Lack of required skill and efficiency of investigating officers and prosecution blamed
Although Bangladesh is witnessing a rising trend of cybercrimes, most of the accused are being discharged or getting acquittal in the cases related to the crimes thanks to the inept role of the prosecution and the police.
Legal experts said settlement outside the court, lack of skill of prosecution lawyers, and inability of the law enforcers in handling such cases, pave the way for the criminals to evade punishment.
According to Cyber Tribunal (Bangladesh) in Dhaka, a total of 259 cases were disposed of in the last eight years since its inception in 2013.
Among those, the accused were discharged in 124 cases and acquitted in 114 lawsuits as the prosecution failed to prove the charges against them.
The country's lone Cyber Tribunal could punish the accused only in 21 cases -- 20 of those were filed under Information and Communication Technology (ICT) Act and one in Digital Security Act (DSA).
The tribunal saw an increasing number of cases since its beginning till 2019.
Although only three cases were filed in 2013, the number surged gradually in the following years with 33 lawsuits in 2014, 152 in 2015, 233 in 2016, 568 in 2017, 676 in 2018, and 721 in 2019.
As many as 622 cases were filed till December 15 in 2020.
Most of the cases were filed on charges of uploading indecent pictures of women on Facebook and other platforms of the internet, hurting people's religious sentiments, offensive remarks about noted people, and various kinds of online cheating with people.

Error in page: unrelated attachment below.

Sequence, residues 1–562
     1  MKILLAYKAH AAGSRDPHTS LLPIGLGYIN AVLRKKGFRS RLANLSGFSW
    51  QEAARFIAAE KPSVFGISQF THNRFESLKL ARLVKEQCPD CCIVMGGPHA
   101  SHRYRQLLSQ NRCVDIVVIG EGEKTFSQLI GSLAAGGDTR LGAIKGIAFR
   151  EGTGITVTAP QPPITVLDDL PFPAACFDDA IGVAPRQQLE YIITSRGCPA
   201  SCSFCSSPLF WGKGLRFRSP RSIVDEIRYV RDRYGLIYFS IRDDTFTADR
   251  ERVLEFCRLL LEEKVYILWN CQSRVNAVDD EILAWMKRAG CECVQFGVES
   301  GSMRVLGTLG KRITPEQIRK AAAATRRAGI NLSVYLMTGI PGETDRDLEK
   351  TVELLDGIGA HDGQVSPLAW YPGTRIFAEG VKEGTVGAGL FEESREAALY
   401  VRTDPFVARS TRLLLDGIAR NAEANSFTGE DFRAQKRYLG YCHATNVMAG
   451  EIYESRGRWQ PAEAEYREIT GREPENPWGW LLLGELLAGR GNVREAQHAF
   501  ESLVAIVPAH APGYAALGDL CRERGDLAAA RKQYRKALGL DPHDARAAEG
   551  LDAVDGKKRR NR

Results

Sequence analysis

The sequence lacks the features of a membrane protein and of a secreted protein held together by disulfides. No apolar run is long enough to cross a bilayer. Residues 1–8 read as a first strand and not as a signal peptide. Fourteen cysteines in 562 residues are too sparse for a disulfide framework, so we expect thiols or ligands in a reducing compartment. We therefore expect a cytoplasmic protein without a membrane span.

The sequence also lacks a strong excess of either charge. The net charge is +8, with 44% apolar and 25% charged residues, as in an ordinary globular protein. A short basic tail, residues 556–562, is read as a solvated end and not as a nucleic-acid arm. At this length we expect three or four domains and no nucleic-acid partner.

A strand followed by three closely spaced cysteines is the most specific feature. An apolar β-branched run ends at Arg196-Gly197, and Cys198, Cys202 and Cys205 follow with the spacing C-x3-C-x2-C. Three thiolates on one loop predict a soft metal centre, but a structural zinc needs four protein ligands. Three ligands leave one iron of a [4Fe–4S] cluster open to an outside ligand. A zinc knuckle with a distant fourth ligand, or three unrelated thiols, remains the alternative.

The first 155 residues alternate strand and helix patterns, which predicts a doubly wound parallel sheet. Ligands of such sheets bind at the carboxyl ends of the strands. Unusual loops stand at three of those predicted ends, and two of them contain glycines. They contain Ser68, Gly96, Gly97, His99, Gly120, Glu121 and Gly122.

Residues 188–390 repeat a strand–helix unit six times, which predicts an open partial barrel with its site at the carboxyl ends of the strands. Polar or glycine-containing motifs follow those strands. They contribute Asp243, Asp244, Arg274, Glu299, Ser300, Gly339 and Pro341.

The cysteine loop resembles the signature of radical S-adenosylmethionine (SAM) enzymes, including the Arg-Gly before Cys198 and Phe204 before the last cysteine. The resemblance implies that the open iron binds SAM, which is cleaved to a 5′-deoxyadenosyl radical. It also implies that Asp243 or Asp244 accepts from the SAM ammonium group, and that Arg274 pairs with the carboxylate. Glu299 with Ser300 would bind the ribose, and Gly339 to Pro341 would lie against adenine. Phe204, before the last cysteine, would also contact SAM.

A total of 2,094 cases are now under trial with the tribunal and the trial proceedings in 32 cases have been kept stay following the High Court orders.
Legal experts said digital or online crimes are causing havoc in the society gradually with various negative impacts on families and youths particularly.
They said most of the cybercriminals go unpunished as the investigating officers (IOs) and the prosecution cannot establish the charges against the accused due to lack of required skill, training, and efficiency in handling such cases, and sometimes due to negligence as well.
Refuting the allegation of negligence, Nazrul Islam Shamim, the special public prosecutor of Cyber Tribunal, said the conviction rate was very poor as the plaintiffs settled disputes outside the court while the IOs submitted faulty probe reports due to lack of experiences.
"Now the Criminal Investigation Department [CID], the Police Bureau of Investigation [PBI], and the cyber crime unit of Dhaka Metropolitan Police [DMP] are giving training to the IOs."
The special public prosecutor hoped that the conviction rate would increase in the coming days.